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What hardware is necessary for Left 4 Dead

Left 4 Dead: GPU and CPU benchmark review

Valve's new shooter is now available via Steam and from some retailers. PCGH dealt with the game and made benchmarks to review the performance of processors and graphics cards in Left 4 Dead.
Left 4 Dead: GPU and CPU benchmark review
 
Left 4 Dead: GPU and CPU benchmark review [Source: view picture gallery]

Left 4 Dead with maximal details
 
Left 4 Dead with maximal details [Source: view picture gallery]
Left 4 Dead: GPU and CPU benchmarks: Introduction
Like most of Valve's games since Half-Life 2, Left 4 Dead uses the familiar Source Engine, which has been upgraded with new effects that are usually used in movies. Among those are the not unquestioned graining and a reduced set of colors. How those new features affect the graphics can be seen in our article: Left 4 Dead: Graphics settings compared.

Left 4 Dead: GPU and CPU benchmarks: Benchmark sequence
Our benchmark sequence "Final Battle” takes place in the last fight the characters have to survive. Due to masses of zombies the real-time demo mainly stresses the processor. But flames, dynamic shadows and detailed textures are also challenging for the graphics card - especially at high resolutions.

This benchmark is a worst-case scenario. If you have more than 50 fps here, then the rest of the game will run smooth.

Left 4 Dead: GPU and CPU benchmarks: Test system
• Motherboard: Intel X48 / AMD 790FX
• RAM: 2x 2,048 MiByte DDR2-800

CPUs
• Core 2 Extreme QX9650 (3.0 GHz, 12 MiByte L2 Cache)
• Core 2 Duo E8400 (3.0 GHz, 6 MiByte L2 Cache)
• Core 2 Quad Q6600 (2.4 GHz, 8 MiByte L2 Cache)
• Core 2 Duo E6850 (3.0 GHz, 4 MiByte L2 Cache)
• Core 2 Duo E6600 (2.4 GHz, 4 MiByte L2 Cache)
• Pentium Dualcore E2160 (1.8 GHz, 1 MiByte L2 Cache)

• Phenom X4 9950 (2.6 GHz, 2 MiByte L2/L3 Cache)
• Phenom X4 9650 (2.3 GHz, 2 MiByte L2/L3 Cache)
• Phenom X3 8650 (2.3 GHz, 1,5 MiByte L2 Cache, 2 MiByte L3 Cache)
• Athlon 64 X2 6400+ (3.2 GHz, 1 MiByte, 1 MiByte L2 Cache)
• Athlon 64 X2 5000+ (2.6 GHz, 512 KiByte L2 Cache)
• Athlon 64 4000+ (2.6 GHz, 512 KiByte L2 Cache)
• Athlon 64 3200+ (2.0 GHz, 512 KiByte L2 Cache)

Graphics cards
(Clock speed: GPU/VRAM)
• Radeon HD 4870 (750/1,800 MHz, 512 MiByte)
• Radeon HD 4850 (625/993 MHz, 512 MiByte)
• Radeon HD 3870 X2 (2x 825/900 MHz, 2x 512 MiByte)
• Radeon HD 3870 (775/1,125 MHz, 512 MiByte)
• Radeon HD 3850 (669/830 MHz, 256 MiByte)
• Radeon X1900 XTX (650/775 MHz, 512 MiByte)

(Clock speed: GPU/Shader/VRAM)
• Geforce GTX 280 (602/1,296/1,107 MHz, 1,024 MiByte)
• Geforce GTX-260-216 (576/1,242/999 MHz, 896 MiByte)
• Geforce 9800 GTX+ (738/1,863/1,107 MHz, 512 MiByte)
• Geforce 9800/8800 GT (602/1,512/900 MHz, 512 MiByte)
• Geforce 8800 GTX (575/1,350/900 MHz, 512 MiByte)
• Geforce 7900 GTX (650/800 MHz, 512 MiByte)

Driver
• Geforce 180.43 Beta (default A.I. with VSync off)
• Catalyst 8.11 WQHL (default A.I. with VSync off)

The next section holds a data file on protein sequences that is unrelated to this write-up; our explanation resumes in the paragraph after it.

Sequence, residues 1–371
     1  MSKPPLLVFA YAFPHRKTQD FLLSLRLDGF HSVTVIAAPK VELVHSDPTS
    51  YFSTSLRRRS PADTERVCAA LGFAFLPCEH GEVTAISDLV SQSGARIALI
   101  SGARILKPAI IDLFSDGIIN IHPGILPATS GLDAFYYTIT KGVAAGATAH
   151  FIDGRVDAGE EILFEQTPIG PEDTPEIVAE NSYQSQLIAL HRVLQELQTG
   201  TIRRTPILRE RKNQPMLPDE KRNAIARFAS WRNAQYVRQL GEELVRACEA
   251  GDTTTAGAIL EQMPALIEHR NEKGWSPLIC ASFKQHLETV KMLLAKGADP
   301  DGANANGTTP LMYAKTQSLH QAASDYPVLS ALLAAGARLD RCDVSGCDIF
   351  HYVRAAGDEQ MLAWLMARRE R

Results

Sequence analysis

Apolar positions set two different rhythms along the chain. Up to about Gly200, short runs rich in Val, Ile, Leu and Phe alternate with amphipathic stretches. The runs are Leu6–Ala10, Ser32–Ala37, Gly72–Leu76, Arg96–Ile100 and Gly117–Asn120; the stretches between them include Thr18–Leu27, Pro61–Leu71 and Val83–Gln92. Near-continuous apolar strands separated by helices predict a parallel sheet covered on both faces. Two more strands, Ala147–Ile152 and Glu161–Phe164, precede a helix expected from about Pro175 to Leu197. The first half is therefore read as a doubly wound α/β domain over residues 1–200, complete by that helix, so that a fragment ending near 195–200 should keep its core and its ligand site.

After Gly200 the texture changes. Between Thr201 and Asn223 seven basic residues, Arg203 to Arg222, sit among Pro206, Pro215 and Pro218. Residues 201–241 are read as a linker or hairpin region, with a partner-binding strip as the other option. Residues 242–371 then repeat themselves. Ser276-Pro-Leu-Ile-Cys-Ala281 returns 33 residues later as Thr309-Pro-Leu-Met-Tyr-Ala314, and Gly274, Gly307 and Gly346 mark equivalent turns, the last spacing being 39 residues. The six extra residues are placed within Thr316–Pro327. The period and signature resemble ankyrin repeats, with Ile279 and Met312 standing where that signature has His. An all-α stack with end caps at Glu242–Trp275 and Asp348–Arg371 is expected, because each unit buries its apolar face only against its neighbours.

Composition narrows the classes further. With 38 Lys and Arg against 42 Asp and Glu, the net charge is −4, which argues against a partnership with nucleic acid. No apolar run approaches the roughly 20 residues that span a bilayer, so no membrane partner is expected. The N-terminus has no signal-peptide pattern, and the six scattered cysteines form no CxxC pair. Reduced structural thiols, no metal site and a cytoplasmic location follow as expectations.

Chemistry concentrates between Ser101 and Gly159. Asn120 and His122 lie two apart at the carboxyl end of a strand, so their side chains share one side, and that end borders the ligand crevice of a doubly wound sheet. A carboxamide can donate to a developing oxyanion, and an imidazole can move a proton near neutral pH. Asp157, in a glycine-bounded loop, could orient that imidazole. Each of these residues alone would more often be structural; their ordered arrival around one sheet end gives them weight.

--
Author: Marc Sauter (Nov 19, 2008)






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Comments (13)

Comments 10 to 13  Read all comments here!
L4Dfan L4D is very scalable
Junior Member
20.02.2009 22:20
L4D works very well on old hardware. I have a single core Athlon64 4000+ 1Gb with an Nvidia 7600GT 256MB graphics card.

For online play I set everything to medium (no shadows, no bump mapping, no rain). This gives me a smooth 44fps average at 1600x1200 (measured by doing a timedemo of some intense action). Still looks nice - perfect for multiplayer.

For a more atmospheric single player experience I set the shader up to high to get shadows etc. This gives me 30fps average at 1024 x 768. Still very playable - although it can get choppy during horde attacks.

I recently upgraded the graphics card to a Radeon HD 4670 512MB - Only £50 GPB. Wow! It makes a really big difference. Now I can run *everything* at max, 16 x aniso + 8 x AA, 1600x1200 and still get 30fps - *and* the frame rate seems to hold up better in horde attacks now.

I think the HD 4670 is an ideal upgrade for an old single core processor. It won't dramatically increase your fps cos the processor is a bottleneck - but it allows you to have high quality settings at the same fps - and it's very cheap.

However, my main point is you can certainly enjoy the game on an old single core machine. Thanks Valve!!
mathesar Re: Left 4 Dead: GPU and CPU benchmark review
Junior Member
24.11.2008 08:10
The review states: With a Geforce 7 the shooter is almost unplayable.

This isnt exactly true... I have an AMD X2 4800+ / 2GB / Geforce 7800 GTX 512mb / WinXP and im able to run L4D at 1280x800 with all settings on High and 4X FSAA / 2X AF with a decent framerate, It's not silky 60fps smooth all the time but it still runs smoother than Xbox 360's version with these settings and ive been playing it online every night since its release.

The biggest performance hit seems to occur whenever I have my flashlight on and there's a ton of zombies onscreen, soon as I turn off the flashlight the framerate jumps way up.
trancemode Re: Left 4 Dead: GPU and CPU benchmark review
Junior Member
20.11.2008 20:38
Thats odd. some how i get more than the review gives.
I am using
CPU - Intel Go Quad Q6600
GPU - EVGA NVidia GTX 280
Rams - Corsair 4GB DDR2 800 mhz
MOBO - ABIT FATALITY 650i chipset
HDD - Western Digital VelociRaptor 10000rpm
i have cpu water cooling + gpu water cooling
playing on a viewsonic 2240 "22" 2ms gaming monitor
os - window xp sp3 dx9
nvidia firmware - 180.48 new driver

on resolution 1680

i have it on recommended best setting in the left 4 dead game.

i checked my fps
i got from 130-150 fps stable
and if its mass and all the effect it don't drop no more than 80 fps
but heat is a lot lol

maybe it just depends on everyone specs

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